Mission to Haiti

Mission to Haiti

Israeli surgeon, hero of Haiti, to speak to northern New Jersey physicians and dentists

Dr. Guy Lin wants to adopt this 5-year-old girl whose parents died in the earthquake. COURTESY DR. LIN

Dr. Guy Lin struggled to explain why, after January’s devastating earthquake in Haiti, he dropped everything to accompany Israel’s medical team of mercy.

“I am head of the trauma unit at the Western Galilee Hospital in Nahariya,” he began after pondering the question. “Every physician thinks he can do his job the best, but in Nahariya, if I am not there, many others could replace me. In Haiti, I felt that there was nobody else.

Lin, who served as chief surgeon at the Israeli mobile field hospital set up in Port-au-Prince, is scheduled to be the guest speaker for UJA Federation of Northern New Jersey’s Physicians & Dentists annual dinner on May 11. The event will pay tribute to 25 “heroes of Haiti,” local medical professionals who also volunteered their services in the wake of the disaster. Many are associated with local hospitals, including Englewood Hospital and Medical Center, Hackensack University Medical Center, Holy Name Medical Center, St. Joseph’s Regional Medical Center, and The Valley Hospital.

Cathi Goldfischer, a nurse at Englewood, nurse-practitioner at a private practice in Ramsey, and chief of the Fort Lee Ambulance Corps, went to Haiti with the state-sponsored New Jersey-1 Disaster Medical Assistance Team of 35 professionals.

“Haiti was our first appointment overseas,” said Goldfischer, the team’s head nurse. The volunteers arrived on Friday and waited at the American embassy for a few days before being picked up by a Coast Guard helicopter and brought to a makeshift clinic. Later, they moved operations to a mobile hospital staffed by the 82nd Airborne Division.

“We saw hundreds of patients a day for 17 days,” said Goldfischer. “The sheer magnitude of the physical devastation was just unbelievable.” The team hired local translators and paid them in MRE (military Meals Ready to Eat) and bottled water. They also hired wet nurses to feed babies who were orphaned or whose mothers were too dehydrated to breastfeed. “We did great work and the people were so grateful for any type of care.”

Goldfischer said she was impressed with the Israelis, who landed in Haiti and set up their hospital in just four hours. “I was absolutely in awe. As we were sitting in the embassy, we watched this and somebody on my team said we should throw out our playbook and use theirs instead,” said Goldfischer. “I felt so proud.”

Lin had participated in Israel’s disaster relief effort after the 2001 earthquake in India that claimed some 20,000 lives. However, that experience was much different.

“In India, there was containment of the situation by the local government, and not all infrastructure was destroyed,” explained Lin. “We functioned more like a community hospital than like a disaster hospital. In Haiti, we felt alone. There were about 12 medical delegations in Port-au-Prince and we had the highest level of facilities. We had to decide ourselves what to do, and for a few days we had nowhere to transfer patients.”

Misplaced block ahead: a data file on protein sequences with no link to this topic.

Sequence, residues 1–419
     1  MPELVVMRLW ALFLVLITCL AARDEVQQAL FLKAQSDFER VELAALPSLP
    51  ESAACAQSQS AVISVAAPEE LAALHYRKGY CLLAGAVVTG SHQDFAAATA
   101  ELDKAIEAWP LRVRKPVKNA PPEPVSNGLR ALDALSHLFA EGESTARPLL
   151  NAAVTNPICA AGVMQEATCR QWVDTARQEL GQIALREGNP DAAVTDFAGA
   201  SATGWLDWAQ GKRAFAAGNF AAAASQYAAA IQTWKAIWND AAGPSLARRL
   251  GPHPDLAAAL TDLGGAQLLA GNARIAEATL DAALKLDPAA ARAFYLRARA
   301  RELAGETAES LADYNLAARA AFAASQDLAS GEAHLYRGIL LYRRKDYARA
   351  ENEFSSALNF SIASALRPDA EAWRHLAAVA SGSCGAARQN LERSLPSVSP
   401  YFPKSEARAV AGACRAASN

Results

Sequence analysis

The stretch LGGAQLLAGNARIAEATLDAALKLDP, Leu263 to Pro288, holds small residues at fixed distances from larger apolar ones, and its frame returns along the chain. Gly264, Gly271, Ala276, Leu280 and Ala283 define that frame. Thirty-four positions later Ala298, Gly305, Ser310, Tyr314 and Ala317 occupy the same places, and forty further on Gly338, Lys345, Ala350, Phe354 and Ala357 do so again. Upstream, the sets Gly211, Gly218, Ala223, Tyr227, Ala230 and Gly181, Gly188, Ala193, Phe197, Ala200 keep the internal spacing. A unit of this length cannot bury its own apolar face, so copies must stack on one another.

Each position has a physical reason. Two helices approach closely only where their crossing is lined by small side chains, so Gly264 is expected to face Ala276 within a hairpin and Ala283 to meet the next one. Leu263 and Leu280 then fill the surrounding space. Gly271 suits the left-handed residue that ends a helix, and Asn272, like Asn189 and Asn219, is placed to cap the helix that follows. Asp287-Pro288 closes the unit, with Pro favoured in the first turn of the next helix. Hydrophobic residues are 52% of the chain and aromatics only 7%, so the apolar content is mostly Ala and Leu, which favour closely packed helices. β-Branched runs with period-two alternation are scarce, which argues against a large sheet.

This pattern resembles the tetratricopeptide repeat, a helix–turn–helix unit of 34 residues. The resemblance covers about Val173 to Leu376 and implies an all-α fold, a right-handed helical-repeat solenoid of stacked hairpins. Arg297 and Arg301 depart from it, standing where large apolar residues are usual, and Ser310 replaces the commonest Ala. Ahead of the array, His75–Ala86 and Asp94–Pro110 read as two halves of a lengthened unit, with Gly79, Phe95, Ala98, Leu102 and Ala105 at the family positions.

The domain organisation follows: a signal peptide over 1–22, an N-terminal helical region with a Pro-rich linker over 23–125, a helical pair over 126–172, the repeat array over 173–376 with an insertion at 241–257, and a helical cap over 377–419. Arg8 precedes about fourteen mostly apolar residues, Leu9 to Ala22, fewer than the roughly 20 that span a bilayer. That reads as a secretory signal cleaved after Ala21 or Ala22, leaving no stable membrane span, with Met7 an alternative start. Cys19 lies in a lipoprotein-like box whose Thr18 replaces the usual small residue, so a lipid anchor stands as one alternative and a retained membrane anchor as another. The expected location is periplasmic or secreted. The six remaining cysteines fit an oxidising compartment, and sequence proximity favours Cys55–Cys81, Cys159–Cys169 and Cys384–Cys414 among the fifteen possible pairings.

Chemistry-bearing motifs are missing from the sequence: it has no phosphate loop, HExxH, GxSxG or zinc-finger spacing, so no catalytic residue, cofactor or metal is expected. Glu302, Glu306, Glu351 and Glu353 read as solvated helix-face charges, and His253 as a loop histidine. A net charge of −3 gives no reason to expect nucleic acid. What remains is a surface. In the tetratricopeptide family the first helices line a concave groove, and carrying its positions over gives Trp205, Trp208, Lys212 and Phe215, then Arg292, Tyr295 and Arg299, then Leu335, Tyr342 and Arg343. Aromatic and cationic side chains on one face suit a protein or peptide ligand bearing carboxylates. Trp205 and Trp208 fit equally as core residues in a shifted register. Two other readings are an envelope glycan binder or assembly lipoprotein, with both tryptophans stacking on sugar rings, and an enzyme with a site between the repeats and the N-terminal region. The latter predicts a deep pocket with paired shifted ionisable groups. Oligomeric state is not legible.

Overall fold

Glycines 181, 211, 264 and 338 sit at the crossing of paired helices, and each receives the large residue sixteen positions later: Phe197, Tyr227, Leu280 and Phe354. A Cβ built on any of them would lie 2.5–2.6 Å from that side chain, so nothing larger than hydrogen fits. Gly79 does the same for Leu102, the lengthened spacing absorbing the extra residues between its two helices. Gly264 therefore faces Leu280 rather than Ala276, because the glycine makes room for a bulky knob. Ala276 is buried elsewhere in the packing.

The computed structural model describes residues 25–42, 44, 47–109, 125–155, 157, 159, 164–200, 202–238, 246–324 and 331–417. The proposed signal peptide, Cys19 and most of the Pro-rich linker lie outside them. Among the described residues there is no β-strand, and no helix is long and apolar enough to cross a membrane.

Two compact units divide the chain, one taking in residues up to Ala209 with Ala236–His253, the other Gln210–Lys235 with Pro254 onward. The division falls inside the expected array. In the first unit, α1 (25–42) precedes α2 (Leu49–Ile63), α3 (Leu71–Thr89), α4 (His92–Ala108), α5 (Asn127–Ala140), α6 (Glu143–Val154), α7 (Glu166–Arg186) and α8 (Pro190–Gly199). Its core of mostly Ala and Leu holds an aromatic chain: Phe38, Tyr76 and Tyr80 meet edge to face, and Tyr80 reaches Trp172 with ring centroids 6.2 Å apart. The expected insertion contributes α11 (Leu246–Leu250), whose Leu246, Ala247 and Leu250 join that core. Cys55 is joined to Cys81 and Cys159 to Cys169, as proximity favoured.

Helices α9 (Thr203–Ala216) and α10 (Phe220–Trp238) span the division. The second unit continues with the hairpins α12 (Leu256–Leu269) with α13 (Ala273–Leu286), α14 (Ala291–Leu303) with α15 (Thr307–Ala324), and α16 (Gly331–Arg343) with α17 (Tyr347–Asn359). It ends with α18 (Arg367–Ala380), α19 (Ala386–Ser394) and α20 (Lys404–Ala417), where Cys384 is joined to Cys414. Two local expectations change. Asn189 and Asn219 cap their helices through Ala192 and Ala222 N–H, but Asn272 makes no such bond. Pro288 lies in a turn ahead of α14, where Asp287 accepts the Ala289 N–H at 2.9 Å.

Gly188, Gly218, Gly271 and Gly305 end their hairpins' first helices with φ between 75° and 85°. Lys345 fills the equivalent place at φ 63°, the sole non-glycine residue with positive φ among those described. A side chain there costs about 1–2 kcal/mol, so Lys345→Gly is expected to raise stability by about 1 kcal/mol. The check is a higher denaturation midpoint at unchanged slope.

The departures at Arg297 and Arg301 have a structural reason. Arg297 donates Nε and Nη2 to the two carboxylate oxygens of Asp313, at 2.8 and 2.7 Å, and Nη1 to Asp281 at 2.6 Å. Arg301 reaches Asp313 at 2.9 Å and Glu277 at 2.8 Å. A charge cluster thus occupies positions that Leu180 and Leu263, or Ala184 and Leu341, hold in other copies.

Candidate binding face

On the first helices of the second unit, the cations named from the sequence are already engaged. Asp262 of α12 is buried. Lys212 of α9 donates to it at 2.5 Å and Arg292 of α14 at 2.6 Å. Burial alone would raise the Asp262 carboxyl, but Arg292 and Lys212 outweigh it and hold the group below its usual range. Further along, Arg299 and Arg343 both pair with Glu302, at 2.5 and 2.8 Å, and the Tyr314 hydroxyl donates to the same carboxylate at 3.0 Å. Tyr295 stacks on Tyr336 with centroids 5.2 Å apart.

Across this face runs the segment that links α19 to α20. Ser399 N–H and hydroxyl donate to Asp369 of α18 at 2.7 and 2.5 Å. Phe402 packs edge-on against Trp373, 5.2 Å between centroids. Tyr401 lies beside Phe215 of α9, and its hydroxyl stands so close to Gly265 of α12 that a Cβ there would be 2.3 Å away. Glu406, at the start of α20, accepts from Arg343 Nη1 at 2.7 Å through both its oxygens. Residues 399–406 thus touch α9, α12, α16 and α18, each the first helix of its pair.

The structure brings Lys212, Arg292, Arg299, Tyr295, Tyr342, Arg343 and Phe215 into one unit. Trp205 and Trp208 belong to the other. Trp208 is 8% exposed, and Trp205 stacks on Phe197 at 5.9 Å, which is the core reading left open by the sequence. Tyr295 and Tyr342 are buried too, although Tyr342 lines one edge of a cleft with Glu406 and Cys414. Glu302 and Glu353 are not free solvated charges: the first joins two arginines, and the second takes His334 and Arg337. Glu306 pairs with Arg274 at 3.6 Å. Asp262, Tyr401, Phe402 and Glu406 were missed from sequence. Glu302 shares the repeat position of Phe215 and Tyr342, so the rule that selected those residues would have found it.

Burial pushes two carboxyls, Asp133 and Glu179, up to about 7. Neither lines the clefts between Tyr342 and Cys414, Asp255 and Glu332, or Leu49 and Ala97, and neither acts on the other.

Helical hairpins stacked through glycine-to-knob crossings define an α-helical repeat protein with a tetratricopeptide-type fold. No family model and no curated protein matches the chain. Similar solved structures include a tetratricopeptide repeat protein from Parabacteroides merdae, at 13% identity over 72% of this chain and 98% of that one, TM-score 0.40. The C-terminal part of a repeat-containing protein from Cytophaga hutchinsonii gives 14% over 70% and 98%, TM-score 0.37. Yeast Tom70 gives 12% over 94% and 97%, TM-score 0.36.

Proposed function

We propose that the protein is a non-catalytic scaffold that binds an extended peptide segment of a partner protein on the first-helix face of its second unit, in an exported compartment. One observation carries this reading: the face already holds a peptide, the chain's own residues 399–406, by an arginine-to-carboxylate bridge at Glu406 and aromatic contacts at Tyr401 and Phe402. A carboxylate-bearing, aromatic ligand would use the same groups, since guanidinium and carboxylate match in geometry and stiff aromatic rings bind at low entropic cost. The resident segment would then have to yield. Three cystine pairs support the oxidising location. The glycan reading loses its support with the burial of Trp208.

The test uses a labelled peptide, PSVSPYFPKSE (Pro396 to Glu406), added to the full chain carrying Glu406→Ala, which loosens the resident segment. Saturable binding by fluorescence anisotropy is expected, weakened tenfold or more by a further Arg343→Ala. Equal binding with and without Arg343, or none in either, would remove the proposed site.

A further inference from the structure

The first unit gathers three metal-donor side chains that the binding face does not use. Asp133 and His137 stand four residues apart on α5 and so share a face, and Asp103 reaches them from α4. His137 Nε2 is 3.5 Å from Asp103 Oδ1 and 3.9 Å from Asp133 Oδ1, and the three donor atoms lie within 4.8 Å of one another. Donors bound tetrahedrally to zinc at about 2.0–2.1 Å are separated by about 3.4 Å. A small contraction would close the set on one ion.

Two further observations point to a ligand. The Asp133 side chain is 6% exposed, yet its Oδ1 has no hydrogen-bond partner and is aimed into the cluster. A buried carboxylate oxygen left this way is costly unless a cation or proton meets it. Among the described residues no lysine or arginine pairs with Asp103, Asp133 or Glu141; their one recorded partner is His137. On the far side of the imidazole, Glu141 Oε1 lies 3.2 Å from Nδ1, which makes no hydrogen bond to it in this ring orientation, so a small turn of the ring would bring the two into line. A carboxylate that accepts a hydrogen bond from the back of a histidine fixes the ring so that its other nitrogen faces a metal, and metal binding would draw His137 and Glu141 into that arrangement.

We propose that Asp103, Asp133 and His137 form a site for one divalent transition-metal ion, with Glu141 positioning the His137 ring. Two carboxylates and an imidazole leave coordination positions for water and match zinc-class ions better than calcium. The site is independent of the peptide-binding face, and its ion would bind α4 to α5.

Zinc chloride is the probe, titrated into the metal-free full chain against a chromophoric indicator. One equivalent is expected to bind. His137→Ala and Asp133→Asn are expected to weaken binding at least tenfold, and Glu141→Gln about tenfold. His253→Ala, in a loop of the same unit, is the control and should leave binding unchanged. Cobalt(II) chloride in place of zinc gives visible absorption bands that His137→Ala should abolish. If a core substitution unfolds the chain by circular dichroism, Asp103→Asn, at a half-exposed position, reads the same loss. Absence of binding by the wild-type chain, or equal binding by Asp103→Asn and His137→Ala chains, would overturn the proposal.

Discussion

Lin spent 23 years in the Israel Defense Force’s Medical Corps as a combat surgeon for paratrooper and Special Forces units. He commanded the advanced medical course at the School of Military Medicine and headed the IDF Trauma Branch, training physicians to treat combat injuries. He went on to be Chief Surgeon of the IDF Northern Command.

Yet Lin claimed that what he saw in Haiti “was the worst sight I have ever seen in my life. I would grab an hour’s sleep, and afterwards I would think, ‘How did I allow myself to waste time sleeping? I could have saved another life in that hour.’ You feel like every minute of your time equals someone’s life or someone’s quality of life.”

Lin was moved by the gratitude he heard. “Almost every patient said, ‘God bless Israel’ or ‘Thank you, Israel,’ and they cried from emotion. They really appreciated us.”

In addition to his address at the UJA dinner, to take place at 6:30 at Teaneck’s Marriott Glenpointe, Lin will make clinical presentations to trauma and emergency personnel at local hospitals.

His appearance in North Jersey was arranged by Robert Miller, director of the UJA Physicians & Dentists Division. Miller had been disappointed to discover that none of the field hospital veterans was available through organized speaker channels.

“I called Hadassah, I called Shaare Zedek, I called the IDF spokesperson’s office – I made many calls to Israel, but came up with nothing,” related Miller. Then, on a hunch, he called his Israeli colleague from the UJA-NNJ Partnership 2000 project in the northern city of Nahariya. “I asked her if anybody from Western Galilee had gone to Haiti. And within 15 minutes, we had Dr. Lin.”

Miller said he was moved by the photos Lin sent him from his time in Haiti, showing the surgeon with children. “He’s got incredible medical credentials. But this shows what a great Jew he is, too.”

Lin said that Israel’s decision to send disaster relief teams all over the world is made at the political level and he could only speculate as to why the small country, itself in a constant state of alert, is always among the first to send help.

“I want to believe the reason is that as a Jewish country you cannot stand and do nothing when other nations are in trouble,” he said. “Maybe there are other considerations involved, but this is my feeling.”

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